©2014 American Association for Cancer Research.
0 Communities
1 Members
0 Resources
9 MeSH Terms
An efficient, nonlinear stability analysis for detecting pattern formation in reaction diffusion systems.
Holmes WR
(2014) Bull Math Biol 76: 157-83
MeSH Terms: Chemotaxis, Computer Simulation, Diffusion, GTP Phosphohydrolases, Kinetics, Linear Models, Mathematical Concepts, Models, Biological, Nonlinear Dynamics, Pattern Recognition, Automated, Phosphatidylinositols, Systems Biology
Show Abstract · Added February 26, 2016
Reaction diffusion systems are often used to study pattern formation in biological systems. However, most methods for understanding their behavior are challenging and can rarely be applied to complex systems common in biological applications. I present a relatively simple and efficient, nonlinear stability technique that greatly aids such analysis when rates of diffusion are substantially different. This technique reduces a system of reaction diffusion equations to a system of ordinary differential equations tracking the evolution of a large amplitude, spatially localized perturbation of a homogeneous steady state. Stability properties of this system, determined using standard bifurcation techniques and software, describe both linear and nonlinear patterning regimes of the reaction diffusion system. I describe the class of systems this method can be applied to and demonstrate its application. Analysis of Schnakenberg and substrate inhibition models is performed to demonstrate the methods capabilities in simplified settings and show that even these simple models have nonlinear patterning regimes not previously detected. The real power of this technique, however, is its simplicity and applicability to larger complex systems where other nonlinear methods become intractable. This is demonstrated through analysis of a chemotaxis regulatory network comprised of interacting proteins and phospholipids. In each case, predictions of this method are verified against results of numerical simulation, linear stability, asymptotic, and/or full PDE bifurcation analyses.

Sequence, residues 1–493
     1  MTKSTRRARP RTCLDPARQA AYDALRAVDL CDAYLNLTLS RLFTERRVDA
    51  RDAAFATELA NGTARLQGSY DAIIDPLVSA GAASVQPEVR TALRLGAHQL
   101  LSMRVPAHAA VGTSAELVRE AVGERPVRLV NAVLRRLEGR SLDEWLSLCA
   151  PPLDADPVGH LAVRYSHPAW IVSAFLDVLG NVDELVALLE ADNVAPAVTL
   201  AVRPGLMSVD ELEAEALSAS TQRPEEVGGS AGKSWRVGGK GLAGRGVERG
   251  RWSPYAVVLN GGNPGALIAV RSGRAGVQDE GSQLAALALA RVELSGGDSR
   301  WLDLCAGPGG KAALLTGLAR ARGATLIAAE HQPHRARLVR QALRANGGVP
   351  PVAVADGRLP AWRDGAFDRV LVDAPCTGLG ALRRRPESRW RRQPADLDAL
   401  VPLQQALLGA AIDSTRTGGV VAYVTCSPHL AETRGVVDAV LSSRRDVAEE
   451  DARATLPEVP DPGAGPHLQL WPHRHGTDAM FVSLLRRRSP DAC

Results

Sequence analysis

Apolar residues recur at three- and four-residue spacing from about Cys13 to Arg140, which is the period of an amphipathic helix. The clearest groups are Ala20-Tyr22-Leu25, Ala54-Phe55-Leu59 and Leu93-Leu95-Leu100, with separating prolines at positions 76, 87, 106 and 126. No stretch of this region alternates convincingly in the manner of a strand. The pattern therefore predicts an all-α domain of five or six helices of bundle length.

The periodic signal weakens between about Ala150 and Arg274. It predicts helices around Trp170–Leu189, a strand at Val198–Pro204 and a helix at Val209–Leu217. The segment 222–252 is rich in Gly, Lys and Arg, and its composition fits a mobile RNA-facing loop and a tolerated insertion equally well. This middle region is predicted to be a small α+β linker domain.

0 Communities
1 Members
0 Resources
12 MeSH Terms
Structural and functional characterization of the N terminus of Schizosaccharomyces pombe Cwf10.
Livesay SB, Collier SE, Bitton DA, Bähler J, Ohi MD
(2013) Eukaryot Cell 12: 1472-89
MeSH Terms: Amino Acid Motifs, Amino Acid Sequence, Binding Sites, GTP Phosphohydrolases, Molecular Sequence Data, Mutation, Protein Binding, Protein Structure, Tertiary, RNA Splicing, Ribonucleoprotein, U5 Small Nuclear, Schizosaccharomyces, Schizosaccharomyces pombe Proteins, Spliceosomes
Show Abstract · Added March 7, 2014